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The guru guide to your IT career

ITDo you want to know what it takes to have a successful career in IT and computing? We’ve asked the experts for their tips, at each stage of the process.

1. School

Behind every successful IT guru, from Bill Gates to Mark Zuckerberg, you’ll find years of experience. For many, that experience starts when they are still at school, tinkering with technology in their spare time.

That’s because every successful career starts with passion. If you genuinely love what you do enough for it to be your all-consuming hobby, then you’ll have the energy and enthusiasm to handle the pressure and challenges ahead.

2. University

When it comes to your university IT course, it’s important to learn more than just the technical skills you need to be a programmer, web designer, network planner or computer support technician.

‘Soft’ skills such as communication, leadership and business awareness are just as important when it comes to landing a job.

Gareth is a Senior Software Developer for a major international bank. He says that when he looks for a new person to join his team, team fit is his number one priority.

“That tends to mean someone who’s got the right balance of communication and interpersonal skills, and a willingness to learn new things while also being able to argue a different point of view.”

Technical qualifications generally land the interview in the first place,” he admits, “but practical on-the-job experience – and the ability to convey that knowledge – will always outweigh qualifications for me.”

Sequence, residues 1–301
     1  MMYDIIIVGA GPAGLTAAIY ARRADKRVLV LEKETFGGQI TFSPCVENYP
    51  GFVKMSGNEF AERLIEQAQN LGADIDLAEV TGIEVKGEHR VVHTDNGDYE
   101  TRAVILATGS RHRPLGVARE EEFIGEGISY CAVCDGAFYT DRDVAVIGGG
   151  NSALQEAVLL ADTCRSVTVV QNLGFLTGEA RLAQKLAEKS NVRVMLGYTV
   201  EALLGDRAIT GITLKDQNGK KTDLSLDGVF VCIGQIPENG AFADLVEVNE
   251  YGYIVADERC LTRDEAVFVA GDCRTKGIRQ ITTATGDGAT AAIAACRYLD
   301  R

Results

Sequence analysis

So while you’re at university, take the opportunity to improve your personal skills through group activities, presentations and internships.

The VP of Development at, Todd McKinnon, confirms the importance of this. “Communication is the number one non-IT skill that IT professionals need today. At all levels, at every area of the IT department, with every project, across teams.”

Communication goes both ways of course. Steve Lipner, Senior Director of Security Engineering Strategy at Microsoft, says “listening to the customer(s) and understanding the real problem you need to solve” is the most important non-IT skill you can have. “When I’ve done that successfully, I’ve succeeded,” he admits. “When I’ve lost sight of that rule, it hasn’t been pretty.”

3. Further study

No matter what area of IT you’re interested in, it is probably changing more rapidly than just about any other industry. So it’s important to keep up-to-date with the latest technical skills and research. Post-graduate study is one way to do this – and is also a good way to specialise in your chosen field.

Choose your post-graduate university for its knowledge and resources in your chosen field. That will let you learn from industry experts, and use the latest technology while you’re on-campus.

Last year Edith Cowan University, in Perth, Australia, opened a new Unified Communications Laboratory. The new lab allows networking students to get hands-on experience managing real Voice over Internet protocol (VoIP) technology.

By partnering with Nortel Networks, the School of Computer and Information Science provides a realistic work environment for students. Associate Professor Craig Valli predicts demand for skilled graduates in this area will soon outweigh supply.

4. Careers guidance

While you’re studying, make the most of your school’s career counselling support. Ideally you should take on an internship at some point in your studies.

Mat Henson is studying a BSc at the University of Derby in England, specialising in Computer Games programming. Derby has one of the few UK computing departments that offers this course, and its purpose-built dedicated Microsoft and Sony games labs are at the cutting-edge of the industry.